How White Women Helped Propel Republicans to Victory in Virginia

Democrats dismissed Glenn Youngkin's emphasis on schools, but it may have helped cost them an election in a state they were favored to win

Virginia Republican gubernatorial candidate Glenn Youngkin greets a voter outside a voting location in Chantilly, Virginia.
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White women voters may have made the difference for Republicans in Virginia’s high-profile gubernatorial race Tuesday, swinging by double digits towards the GOP and giving the party a potentially winning playbook in future elections.

For some Democrats surveying the wreckage from a bad night, the 13 percentage point swing towards the GOP among white women — fueled by a 37 point shift among white women who didn’t go to college — was the number in NBC News exit polls that stood out among a sea of bad ones.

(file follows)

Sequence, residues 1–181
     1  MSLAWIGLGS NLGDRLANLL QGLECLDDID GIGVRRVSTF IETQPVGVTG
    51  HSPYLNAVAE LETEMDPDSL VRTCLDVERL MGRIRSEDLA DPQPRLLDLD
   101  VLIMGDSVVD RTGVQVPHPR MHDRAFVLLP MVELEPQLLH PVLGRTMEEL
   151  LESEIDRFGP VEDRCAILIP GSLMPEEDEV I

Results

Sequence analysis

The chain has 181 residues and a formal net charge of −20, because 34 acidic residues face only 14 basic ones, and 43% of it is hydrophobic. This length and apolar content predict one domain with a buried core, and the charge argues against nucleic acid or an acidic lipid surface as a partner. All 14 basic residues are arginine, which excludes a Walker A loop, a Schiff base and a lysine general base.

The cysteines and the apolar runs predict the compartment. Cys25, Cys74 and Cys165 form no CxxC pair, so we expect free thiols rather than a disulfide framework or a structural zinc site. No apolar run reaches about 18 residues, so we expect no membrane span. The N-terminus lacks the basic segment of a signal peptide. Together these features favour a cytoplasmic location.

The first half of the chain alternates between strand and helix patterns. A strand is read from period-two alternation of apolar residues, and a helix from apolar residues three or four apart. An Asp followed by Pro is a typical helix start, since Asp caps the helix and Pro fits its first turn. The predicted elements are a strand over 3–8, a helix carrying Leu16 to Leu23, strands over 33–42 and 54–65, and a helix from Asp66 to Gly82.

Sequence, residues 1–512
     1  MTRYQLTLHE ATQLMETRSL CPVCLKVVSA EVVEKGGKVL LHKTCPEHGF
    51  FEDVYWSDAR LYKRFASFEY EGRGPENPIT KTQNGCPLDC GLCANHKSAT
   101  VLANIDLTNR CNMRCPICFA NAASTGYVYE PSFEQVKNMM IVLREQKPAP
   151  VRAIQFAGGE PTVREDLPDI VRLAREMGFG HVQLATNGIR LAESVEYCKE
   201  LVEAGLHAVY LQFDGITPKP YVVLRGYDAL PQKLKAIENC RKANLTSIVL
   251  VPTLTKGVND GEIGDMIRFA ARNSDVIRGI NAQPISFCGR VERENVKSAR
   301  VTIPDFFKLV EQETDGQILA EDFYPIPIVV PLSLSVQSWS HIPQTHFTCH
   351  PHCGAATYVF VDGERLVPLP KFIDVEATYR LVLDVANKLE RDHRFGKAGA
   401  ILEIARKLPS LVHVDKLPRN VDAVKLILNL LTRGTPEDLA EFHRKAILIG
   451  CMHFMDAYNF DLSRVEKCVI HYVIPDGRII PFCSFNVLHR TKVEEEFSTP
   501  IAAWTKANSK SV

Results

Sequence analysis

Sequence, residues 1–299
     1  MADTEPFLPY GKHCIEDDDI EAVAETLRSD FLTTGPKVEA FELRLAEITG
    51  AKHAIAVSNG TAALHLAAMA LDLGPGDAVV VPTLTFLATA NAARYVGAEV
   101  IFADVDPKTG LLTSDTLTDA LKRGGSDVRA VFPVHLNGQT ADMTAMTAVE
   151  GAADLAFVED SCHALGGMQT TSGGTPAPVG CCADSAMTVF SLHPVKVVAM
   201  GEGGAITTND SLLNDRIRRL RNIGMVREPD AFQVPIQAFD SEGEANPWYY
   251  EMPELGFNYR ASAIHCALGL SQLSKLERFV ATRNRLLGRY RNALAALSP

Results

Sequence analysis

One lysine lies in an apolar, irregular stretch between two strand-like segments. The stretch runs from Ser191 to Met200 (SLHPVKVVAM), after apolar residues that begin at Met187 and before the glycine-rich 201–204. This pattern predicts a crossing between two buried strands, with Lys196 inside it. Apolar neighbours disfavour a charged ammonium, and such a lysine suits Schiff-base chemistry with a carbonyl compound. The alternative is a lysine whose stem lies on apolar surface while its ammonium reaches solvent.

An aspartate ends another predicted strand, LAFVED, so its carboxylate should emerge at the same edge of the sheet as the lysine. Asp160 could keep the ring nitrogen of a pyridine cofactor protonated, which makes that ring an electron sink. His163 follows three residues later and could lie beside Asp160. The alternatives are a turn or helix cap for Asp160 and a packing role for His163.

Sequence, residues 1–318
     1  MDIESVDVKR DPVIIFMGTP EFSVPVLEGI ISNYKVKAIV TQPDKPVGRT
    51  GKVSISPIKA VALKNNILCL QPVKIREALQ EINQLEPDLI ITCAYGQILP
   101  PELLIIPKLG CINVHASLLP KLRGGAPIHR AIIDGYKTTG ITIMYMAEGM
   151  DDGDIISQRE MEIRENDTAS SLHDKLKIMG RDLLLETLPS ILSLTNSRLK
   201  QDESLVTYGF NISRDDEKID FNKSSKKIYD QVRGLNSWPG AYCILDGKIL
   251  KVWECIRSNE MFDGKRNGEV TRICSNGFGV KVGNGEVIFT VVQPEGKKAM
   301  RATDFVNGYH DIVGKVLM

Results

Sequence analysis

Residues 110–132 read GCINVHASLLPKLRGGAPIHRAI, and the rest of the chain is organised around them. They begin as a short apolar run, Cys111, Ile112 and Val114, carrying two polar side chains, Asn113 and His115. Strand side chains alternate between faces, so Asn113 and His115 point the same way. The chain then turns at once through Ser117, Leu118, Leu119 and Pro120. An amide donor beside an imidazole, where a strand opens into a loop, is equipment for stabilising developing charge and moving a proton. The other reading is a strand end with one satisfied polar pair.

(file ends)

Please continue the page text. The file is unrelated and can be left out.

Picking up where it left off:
“That white non-college woman is very sobering,” said Scott Kozar, a Democratic consultant who worked on the Virginia lieutenant governor and House of Delegate races.

Democrats had attributed much of their victories in 2018 and 2020 to driving up their margins with women, helping propel the party to control of Congress by tilting key districts away from their previous Republican slant.

But that tide appears to have receded.

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When asked about his responsibility for Democrat Terry McAuliffe’s loss in Virginia’s governor’s race, President Biden said that people are experiencing "a whole lot of confusion" and said that his agenda is "overwhelmingly popular."
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